If Samaria was not always enemy territory, it was decidedly unfriendly territory.  Thus, most Galilean Jews would not travel through it on their way to Jerusalem but take the more circuitous route along the Transjordan valley.  However, Jesus “had to go” through it (compare Luke 9:51-54 with John 4:4).  It was not a geographical but rather a theological necessity.  What Jesus has to teach his disciples requires an immersion in Samaria.  As introduction to this narrative and its many brilliant parables and sayings of Jesus, it is helpful to identify keys themes and parallels.   Some of the crucial themes and emphases are:
1.       Journey – Jesus is “to go”, “going,” to Jerusalem, etc ((:51, 52, 53, 56, etc).  This parallels other travel narratives of scripture such as the wilderness wanderings of Israel and the wilderness journeys of David between being a shepherd then a King.  In each instance, God’s people are undergoing a transformation of their imaginations, a liberation of their wills and affections, as they learn the deeper meanings and costs of following God in the establishment of his reign. 
2.       Resolve – Jesus is determined to go Jerusalem (9:51-56). Jesus “sets his face” to Jerusalem, much as the suffering servant of Isaiah (50:7), not despite what is going to happen there but because of what will happen there.  When the disciples ask Jesus to fight his opponents, he continues to “set his face” to Jerusalem as if to say “this is the way I fight.”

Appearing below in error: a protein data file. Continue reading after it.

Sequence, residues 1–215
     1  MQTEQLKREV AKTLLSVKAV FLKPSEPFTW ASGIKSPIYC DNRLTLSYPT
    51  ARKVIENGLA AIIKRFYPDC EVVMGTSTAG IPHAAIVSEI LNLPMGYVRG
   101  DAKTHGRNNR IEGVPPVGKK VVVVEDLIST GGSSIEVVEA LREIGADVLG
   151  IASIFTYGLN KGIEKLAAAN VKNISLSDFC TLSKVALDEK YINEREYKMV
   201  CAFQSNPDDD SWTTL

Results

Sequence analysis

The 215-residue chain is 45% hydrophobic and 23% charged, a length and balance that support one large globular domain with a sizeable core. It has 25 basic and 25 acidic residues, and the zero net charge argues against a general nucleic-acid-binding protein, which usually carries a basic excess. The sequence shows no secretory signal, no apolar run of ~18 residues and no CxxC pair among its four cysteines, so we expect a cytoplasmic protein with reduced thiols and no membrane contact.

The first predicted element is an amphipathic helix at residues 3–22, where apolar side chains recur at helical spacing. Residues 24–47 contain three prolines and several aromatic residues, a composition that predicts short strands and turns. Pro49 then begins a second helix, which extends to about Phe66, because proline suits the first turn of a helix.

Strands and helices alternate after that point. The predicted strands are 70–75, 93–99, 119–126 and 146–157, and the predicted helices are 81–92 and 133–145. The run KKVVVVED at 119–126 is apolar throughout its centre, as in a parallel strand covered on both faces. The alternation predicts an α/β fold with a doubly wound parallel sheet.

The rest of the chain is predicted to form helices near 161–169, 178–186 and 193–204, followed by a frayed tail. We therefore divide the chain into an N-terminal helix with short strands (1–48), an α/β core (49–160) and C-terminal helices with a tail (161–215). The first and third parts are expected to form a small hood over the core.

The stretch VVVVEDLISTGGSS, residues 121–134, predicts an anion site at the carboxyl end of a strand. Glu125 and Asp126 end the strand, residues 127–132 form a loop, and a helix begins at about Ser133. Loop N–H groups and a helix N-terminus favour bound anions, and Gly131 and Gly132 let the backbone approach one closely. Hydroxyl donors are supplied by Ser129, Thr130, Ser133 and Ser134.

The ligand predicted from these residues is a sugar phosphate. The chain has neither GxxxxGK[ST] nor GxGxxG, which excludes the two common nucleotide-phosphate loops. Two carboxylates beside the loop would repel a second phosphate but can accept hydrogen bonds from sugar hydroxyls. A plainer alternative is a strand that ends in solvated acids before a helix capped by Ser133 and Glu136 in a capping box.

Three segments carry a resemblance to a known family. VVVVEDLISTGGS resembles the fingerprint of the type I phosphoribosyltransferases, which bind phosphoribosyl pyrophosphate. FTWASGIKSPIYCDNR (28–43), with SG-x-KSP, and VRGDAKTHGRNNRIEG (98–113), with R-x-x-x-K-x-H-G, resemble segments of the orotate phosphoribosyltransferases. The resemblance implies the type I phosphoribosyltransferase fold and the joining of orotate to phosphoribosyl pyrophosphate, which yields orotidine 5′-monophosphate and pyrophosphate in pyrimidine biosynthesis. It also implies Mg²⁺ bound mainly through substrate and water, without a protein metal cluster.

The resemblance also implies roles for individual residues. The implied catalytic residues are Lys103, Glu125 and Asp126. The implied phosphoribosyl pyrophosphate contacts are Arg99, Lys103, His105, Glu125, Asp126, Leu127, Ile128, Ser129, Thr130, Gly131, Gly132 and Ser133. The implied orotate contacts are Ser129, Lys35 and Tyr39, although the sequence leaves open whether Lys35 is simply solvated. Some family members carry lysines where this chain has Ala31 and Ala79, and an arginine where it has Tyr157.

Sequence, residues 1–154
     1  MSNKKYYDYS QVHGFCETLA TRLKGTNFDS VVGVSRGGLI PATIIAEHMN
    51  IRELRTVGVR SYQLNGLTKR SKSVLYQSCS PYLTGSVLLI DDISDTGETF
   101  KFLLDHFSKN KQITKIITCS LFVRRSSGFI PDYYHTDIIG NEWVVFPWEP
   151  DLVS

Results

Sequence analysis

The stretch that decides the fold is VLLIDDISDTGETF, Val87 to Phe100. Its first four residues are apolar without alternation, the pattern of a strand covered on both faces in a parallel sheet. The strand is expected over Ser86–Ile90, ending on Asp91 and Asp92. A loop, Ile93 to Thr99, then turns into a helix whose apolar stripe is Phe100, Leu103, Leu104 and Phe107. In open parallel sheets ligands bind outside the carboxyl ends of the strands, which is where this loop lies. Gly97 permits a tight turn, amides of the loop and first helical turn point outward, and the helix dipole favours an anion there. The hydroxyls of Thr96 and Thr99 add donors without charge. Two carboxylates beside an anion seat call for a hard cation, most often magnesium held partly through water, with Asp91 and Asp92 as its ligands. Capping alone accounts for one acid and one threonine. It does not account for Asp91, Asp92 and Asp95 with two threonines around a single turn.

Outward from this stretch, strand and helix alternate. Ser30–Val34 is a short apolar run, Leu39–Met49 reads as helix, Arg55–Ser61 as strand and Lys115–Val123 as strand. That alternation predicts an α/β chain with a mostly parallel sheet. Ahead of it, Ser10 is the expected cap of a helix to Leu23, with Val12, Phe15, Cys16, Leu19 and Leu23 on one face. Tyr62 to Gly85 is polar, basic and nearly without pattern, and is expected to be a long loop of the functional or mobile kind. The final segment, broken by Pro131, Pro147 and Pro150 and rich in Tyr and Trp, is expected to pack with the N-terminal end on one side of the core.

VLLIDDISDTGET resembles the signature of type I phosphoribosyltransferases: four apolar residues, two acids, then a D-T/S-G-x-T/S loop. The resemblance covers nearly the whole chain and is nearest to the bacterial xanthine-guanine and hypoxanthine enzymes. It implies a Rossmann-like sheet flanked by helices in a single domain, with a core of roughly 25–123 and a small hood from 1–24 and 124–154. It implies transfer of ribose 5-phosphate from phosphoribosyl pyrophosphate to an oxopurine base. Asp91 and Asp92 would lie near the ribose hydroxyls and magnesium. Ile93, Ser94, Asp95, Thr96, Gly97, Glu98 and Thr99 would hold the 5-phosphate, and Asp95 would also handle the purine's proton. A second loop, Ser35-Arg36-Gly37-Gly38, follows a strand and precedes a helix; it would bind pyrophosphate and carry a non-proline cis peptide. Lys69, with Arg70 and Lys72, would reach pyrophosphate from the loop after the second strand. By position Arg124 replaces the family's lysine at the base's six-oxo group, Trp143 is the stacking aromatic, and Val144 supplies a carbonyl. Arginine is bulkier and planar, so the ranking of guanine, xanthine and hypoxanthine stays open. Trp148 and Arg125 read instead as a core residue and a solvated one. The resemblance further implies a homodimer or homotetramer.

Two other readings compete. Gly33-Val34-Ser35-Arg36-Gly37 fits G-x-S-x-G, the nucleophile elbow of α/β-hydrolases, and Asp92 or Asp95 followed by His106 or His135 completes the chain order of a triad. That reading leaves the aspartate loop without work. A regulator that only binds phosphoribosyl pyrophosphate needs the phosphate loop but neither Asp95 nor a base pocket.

3.       Role of disciple – Jesus disciple are sent ahead and often miss the point of Jesus mission.  We see this at the beginning with James and John’s response to the Samaritan village that refuses Jesus (9;51-56) but also when Jesus plain meaning appears to hard to obey (17:1-6).  This is not Discipleship 101 and there are important parallels between Jesus disciples and John the Baptist.  Even the best of us “don’t get” Jesus.
4.       Rejection of Jesus – is a recurring motif, stated at the beginning (9:58) and echoing the beginning of his ministry in Nazareth (4:28).  Part of this rejection has to do with Jesus' compassion for socially marginal and/or theologically deviant peoples.
5.       Jesus' preferred way of reaching these people and training his disciples is through the indirect approach of parables.  This study will closely examine 3-4 parables and prophetic acts and conclude with Jesus' direct engagement of a Samaritan woman in John’s Gospel.

Jesus is a metaphorical theologian of the highest order, re-minting the narrative of Israel around his own person and mission.  We will read closely a few episodes of these narrative theologies and see that some of Jesus' best teaching was done with disciples as they journeyed in and among the heretics of Samaria.